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My friend, John Zande, has subscribed to a doctrine: “I am a creationist; I believe man created the gods.”

I agree with almost all Zandeisms but that one started me thinking. Evangelicals are often selling a “life in Christ” or “living a Christ-led life.” The goal, of course, is to be “saved.” And I wondered, as just a thought experiment mind you, what evangelicals would respond with if someone actually lead a life just like Jesus Christ, would then they be saved? I suspect that some of the hardcore might dogmatically say, well, you would still have to believe in Jesus as your Lord and Savior, no matter how you lived. Then I also suspect that many would be afraid that to adopt the life of Jesus and then be refused salvation by a bunch of punk ass religionists might not go down well with the crew in the pew. So, for them, salvation could come, should come, by living your life as Christ did.

Evangelicals, of course, also believe that Jesus is god, so … I decided this is what I am doing. I create my own universe and live by my own rules. I do not feel I have to be consistent in my actions or ideas. No matter what I have said before, what I am saying now is correct.

If I was created in God’s image, then God clearly wanted me to behave like Him, like Jesus, like me. Zande was right!


(Stick with me Zande, I’m gonna make you famous!)

April 27, 2017

Good and Evil? Meh.

I find the ideas of good and evil puzzling. In a world of almost infinite variation, these two absolutes continue to exist in people’s minds, often as an unnecessary dichotomy. Of course, there are organizations dedicated to their continued existence but, really, they are not useful terms, at least not to us. Mostly they show a lack of imagination or a desire to manipulate.

We are always trying to quantify things; that is normal for us. But we also tend to play one-upmanship in contests for status. There is a PGA commercial running now with famous golfers talking about how early they get to the practice range. The times quoted get earlier and earlier in response to what the others claimed until they are completely ridiculous. It was designed to show how competitive the golfers are and serves that purpose. It works, of course, because we have all played the game. (And please do not respond that this is a hyper-competitive, male-only game. Just listen to a group of mothers talking about their children and you will see the same process.)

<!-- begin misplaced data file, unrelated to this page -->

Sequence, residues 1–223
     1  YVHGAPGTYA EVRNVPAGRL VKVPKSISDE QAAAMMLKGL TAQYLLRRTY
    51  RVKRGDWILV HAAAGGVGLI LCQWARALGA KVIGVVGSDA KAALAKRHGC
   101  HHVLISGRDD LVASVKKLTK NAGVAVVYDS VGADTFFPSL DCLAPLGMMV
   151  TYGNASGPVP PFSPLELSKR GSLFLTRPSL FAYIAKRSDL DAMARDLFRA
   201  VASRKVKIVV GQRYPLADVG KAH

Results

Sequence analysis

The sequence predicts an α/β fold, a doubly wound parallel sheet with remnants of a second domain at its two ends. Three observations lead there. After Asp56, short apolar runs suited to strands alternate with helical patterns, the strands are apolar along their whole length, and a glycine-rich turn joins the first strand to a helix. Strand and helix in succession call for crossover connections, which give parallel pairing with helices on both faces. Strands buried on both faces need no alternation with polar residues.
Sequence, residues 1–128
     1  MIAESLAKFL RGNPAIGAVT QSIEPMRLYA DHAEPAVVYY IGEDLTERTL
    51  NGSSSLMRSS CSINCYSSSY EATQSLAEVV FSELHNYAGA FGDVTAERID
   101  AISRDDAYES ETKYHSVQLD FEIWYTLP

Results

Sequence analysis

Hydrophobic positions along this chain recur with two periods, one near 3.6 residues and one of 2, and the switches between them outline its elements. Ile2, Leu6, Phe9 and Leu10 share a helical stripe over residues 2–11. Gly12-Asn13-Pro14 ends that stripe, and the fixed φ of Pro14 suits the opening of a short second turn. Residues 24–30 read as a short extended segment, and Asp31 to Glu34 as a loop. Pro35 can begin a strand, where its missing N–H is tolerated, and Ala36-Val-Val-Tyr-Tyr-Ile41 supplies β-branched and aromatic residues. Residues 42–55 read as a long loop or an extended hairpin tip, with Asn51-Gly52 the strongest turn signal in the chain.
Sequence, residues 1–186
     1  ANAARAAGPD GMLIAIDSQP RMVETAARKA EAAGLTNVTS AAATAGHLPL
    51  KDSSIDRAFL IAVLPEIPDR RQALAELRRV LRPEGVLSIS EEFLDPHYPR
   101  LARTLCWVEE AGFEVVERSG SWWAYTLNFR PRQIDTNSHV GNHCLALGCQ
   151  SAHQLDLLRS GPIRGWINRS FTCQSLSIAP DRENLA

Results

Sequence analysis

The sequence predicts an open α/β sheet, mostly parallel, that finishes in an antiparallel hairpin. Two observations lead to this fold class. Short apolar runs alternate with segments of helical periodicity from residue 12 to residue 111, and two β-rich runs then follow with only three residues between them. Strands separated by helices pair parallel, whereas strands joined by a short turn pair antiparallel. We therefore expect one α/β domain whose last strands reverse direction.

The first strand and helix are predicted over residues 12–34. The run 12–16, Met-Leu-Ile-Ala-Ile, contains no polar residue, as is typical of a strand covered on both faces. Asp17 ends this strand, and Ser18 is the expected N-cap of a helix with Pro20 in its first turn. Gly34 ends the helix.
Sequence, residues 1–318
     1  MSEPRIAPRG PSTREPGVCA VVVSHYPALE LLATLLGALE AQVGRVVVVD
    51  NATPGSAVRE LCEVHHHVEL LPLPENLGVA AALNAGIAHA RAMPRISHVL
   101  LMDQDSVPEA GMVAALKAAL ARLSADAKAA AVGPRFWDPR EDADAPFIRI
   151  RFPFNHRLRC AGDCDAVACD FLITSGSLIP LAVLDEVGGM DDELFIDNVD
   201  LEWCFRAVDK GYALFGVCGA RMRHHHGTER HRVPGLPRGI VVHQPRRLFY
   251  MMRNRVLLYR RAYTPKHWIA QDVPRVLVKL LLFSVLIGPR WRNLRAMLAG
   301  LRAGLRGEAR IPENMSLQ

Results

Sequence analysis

So, when someone asks you “how bad was it?” There is a tendency to exaggerate. (I thought I was dying. Excruciating—worst hangnail I have ever had. etc.)

But like most things, these are just gradations on a scale. There is, for example, no “tall” or “short” or a clean dividing line between them. (I am tall enough to be in the top 3% of Americans in height, but when I played center in basketball in college, I was a puny shrimp.) Similarly, where are the dividing lines between “bad” and “evil” or between “good” and “bad?” These do not exist, for good reason. There are gradations of good and bad like there are of tall and short, but no absolutes.

What happens when we use absolutes, though, is we fall down a rabbit hole out of ordinary discourse. These absolutes do not acknowledge that there is a bit of everything in each of us. For example, by all accounts, Hitler was good to his mother.

By labeling things as “good” or “evil” we create categories based upon similarities that are not close to being exact. For example, do Adolph Hitler and Jeffrey Dahmer belong in the same box?. Certainly not based upon their body counts. But both are simply labeled “evil.” Remember the “Evil Axis” of G.W. Bush? Such characterizations set people up for overly simplistic “solutions” to problems. As examples: We must oppose evil (because we are the good guys). We must oppose ISIS, it is evil. And, the ultimate: we must make war on terrorism! WTF? This makes no sense at all.

The terms good and evil exist as manipulators of human emotions and for no other reason. They are vague and unhelpful terms designed to be vague and helpful to those using them, to manipulate their hearers into doing their bidding.

When you next hear the term “all-good” or “ultimate evil,” think “all tall” or “ultimate short.” Those are about as useful as descriptors as the former.